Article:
(Op-Ed) The Educational Inequity of UNLV’s School of Music

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As the news of UNLV’s several developments spread, such as the newly completed Advanced Engineering Building or the purchase of 2,000 acres of land in North Las Vegas for an additional campus, students who do not benefit directly from these changes at UNLV begin to think, “What about me?” That is the case for many of UNLV’s School of Music students. 

The quality of the School of Music’s practice rooms falls behind those of peer institutions, and their condition has been declining for years. When universities with lower tuition and fees, like California State University, Long Beach, have fully soundproof and clean rooms, it raises the question music students are asking: “Where does our money go?”

The School of Music fails to maintain clean and functional practice spaces for its students. The rooms have no trash bins, lack functional practice features like mirrors, whiteboards and hand sanitizer, and have minimal sound treatment.

These photos prove that Facilities Management not only fails to vacuum the space but also elects not to address obvious problems, such as replacing mirrors or providing trash bins. Nathan Bugash, a piano performance graduate of Spring 2022, said, “As a piano major, the state of these practice rooms did not allow me an opportunity for success. Most of the time, I would rather go home and play on my digital keyboard than what the UNLV School of Music has for their pianos. In addition to being filthy, they are not prioritized for piano majors, who should have access to the best the school has to offer.”

For a campus in the heart of the entertainment capital of the United States, it doesn’t make sense why UNLV’s music spaces aren’t exceptional. Some of UNLV’s most famous and celebrated alumni are from the School of Music; some examples include Carnell Johnson, better known as Golden Pipes for the Las Vegas Golden Knights, Cecilia Violetta Lopez, 2023 College of Fine Arts Alumni of the Year, and Grammy award-winning conductor and composer Eric Whitacre.

If UNLV is so quick to celebrate the accomplishments of its music alumni, why isn’t it funding the students who are currently here, paying tuition and actively pursuing a music career?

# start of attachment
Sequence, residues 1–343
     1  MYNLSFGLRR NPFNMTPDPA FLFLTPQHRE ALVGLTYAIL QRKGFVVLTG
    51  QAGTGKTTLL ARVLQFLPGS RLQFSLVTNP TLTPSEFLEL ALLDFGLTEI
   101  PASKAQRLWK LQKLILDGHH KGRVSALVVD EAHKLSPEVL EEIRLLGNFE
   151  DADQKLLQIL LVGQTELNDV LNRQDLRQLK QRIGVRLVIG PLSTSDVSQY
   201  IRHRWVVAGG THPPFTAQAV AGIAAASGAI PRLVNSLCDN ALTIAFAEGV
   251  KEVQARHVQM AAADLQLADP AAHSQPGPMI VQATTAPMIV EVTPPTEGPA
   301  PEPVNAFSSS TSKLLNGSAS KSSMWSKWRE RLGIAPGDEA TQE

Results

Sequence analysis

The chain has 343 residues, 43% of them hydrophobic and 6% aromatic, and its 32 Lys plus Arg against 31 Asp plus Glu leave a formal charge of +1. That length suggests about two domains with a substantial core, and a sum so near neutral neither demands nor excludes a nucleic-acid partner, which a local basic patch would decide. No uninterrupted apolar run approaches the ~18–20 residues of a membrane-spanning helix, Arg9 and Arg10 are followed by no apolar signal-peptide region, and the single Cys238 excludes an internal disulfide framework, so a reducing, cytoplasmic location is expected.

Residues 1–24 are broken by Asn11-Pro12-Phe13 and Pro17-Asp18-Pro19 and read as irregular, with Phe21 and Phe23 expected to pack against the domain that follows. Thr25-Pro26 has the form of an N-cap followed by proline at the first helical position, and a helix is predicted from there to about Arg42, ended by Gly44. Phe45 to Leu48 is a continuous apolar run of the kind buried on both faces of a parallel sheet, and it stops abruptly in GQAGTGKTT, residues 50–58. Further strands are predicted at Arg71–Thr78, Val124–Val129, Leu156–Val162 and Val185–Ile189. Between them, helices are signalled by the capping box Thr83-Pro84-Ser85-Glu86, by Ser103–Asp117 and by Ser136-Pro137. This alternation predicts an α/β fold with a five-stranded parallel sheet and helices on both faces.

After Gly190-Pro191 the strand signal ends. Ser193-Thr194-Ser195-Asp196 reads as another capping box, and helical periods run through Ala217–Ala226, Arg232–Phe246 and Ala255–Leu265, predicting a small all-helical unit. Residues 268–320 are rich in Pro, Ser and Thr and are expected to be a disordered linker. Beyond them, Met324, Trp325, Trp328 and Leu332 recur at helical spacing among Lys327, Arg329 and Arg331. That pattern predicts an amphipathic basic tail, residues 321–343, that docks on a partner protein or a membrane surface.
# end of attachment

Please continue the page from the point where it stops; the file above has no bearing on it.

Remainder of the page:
“The practice rooms are usually not clean when I use them … That is not okay, especially for how much these rooms are used. Something needs to change,” said Julia Lynn Fleischer, a UNLV music major.

These concerns were brought to the School of Music Director with an attached Practice Room Proposal & Budget. These documents include a detailed, itemized budget, a written proposal addressing observations of the issue, goals, an 8-step action plan and ultimately achievable results of this project. Students even got support from a School of Music faculty member who was willing to talk to the director personally, asking to put this action into motion.

Three days after not receiving a response, the director was contacted once again to follow up on the initiative. The email received back was simply, “Thanks for your email..I appreciate your feedback.”

The fact that this detailed proposal, with a clear goal to improve these educational spaces, was met with such apathy truly shows the School of Music’s unwillingness to prioritize student voices. Thus, a petition was created for students to make their voices even louder. 

2023 UNLV President’s Innovation Challenge winner Angelica Shenouda said, “UNLV students deserve improved practice rooms!”

Award-winning guitarist and UNLV alumni Kyle Khembunjong said, “There was NO WAY I could ever concentrate, let alone hear my own playing amidst the paper-thin walls, if I was in one of those second-floor rooms. These are some of the most dedicated and underappreciated students on campus, yet they are working in some of the most poorly maintained practice rooms with no sound insulation, no sanitation, broken mirrors, untuned pianos, missing equipment, etc. It is absolutely unacceptable for the School of Music to ignore this issue when countless Fine Arts students spend hours on campus outside of their classes working on their craft.”

UNLV music major Raquelle Smyth said, “Creating a clean and well-maintained environment for practice rooms is very important for us music students.”

Student Saul Moreno Magaña said, “Arts matters as much as sports does.”

From an anonymous submission, “As musicians, we are constantly using hands-on practicing as well as breathing in lots of air (especially as singers or wind instrumentalists). Being exposed to trash, dirty floors, unsanitized pianos, etc. is a health hazard and needs to be constantly maintained to provide a proper environment for those using the practice rooms.”

Lastly, on a more security-relevant note, UNLV student Levi Dalnodar said, “Most schools allow access to practice rooms via a code put on your student ID. That way music students can easily access the practice rooms”

Music students can greatly benefit from clean and functional facilities with adequate soundproof technology, as they provide an environment conducive to focused concentration, allowing for enhanced rehearsal efficiency and improved skill development. As Tyler Urbano, a vocal performance graduate of Spring 2023, said, “It is important that the next generation of students have access to better facilities.” Not only will funding proactive changes in this space elevate the voice of current students but also of those to come.
The best way people can get the School of Music to listen and address students’ concerns is to continue putting pressure on faculty and staff to approve this initiative. Students deserve proper learning spaces at UNLV, and readers can help by signing the petition at https://tinyurl.com/unlvmusicpetition. Let’s raise our voices and prove that, because “Rebels make it happen!”

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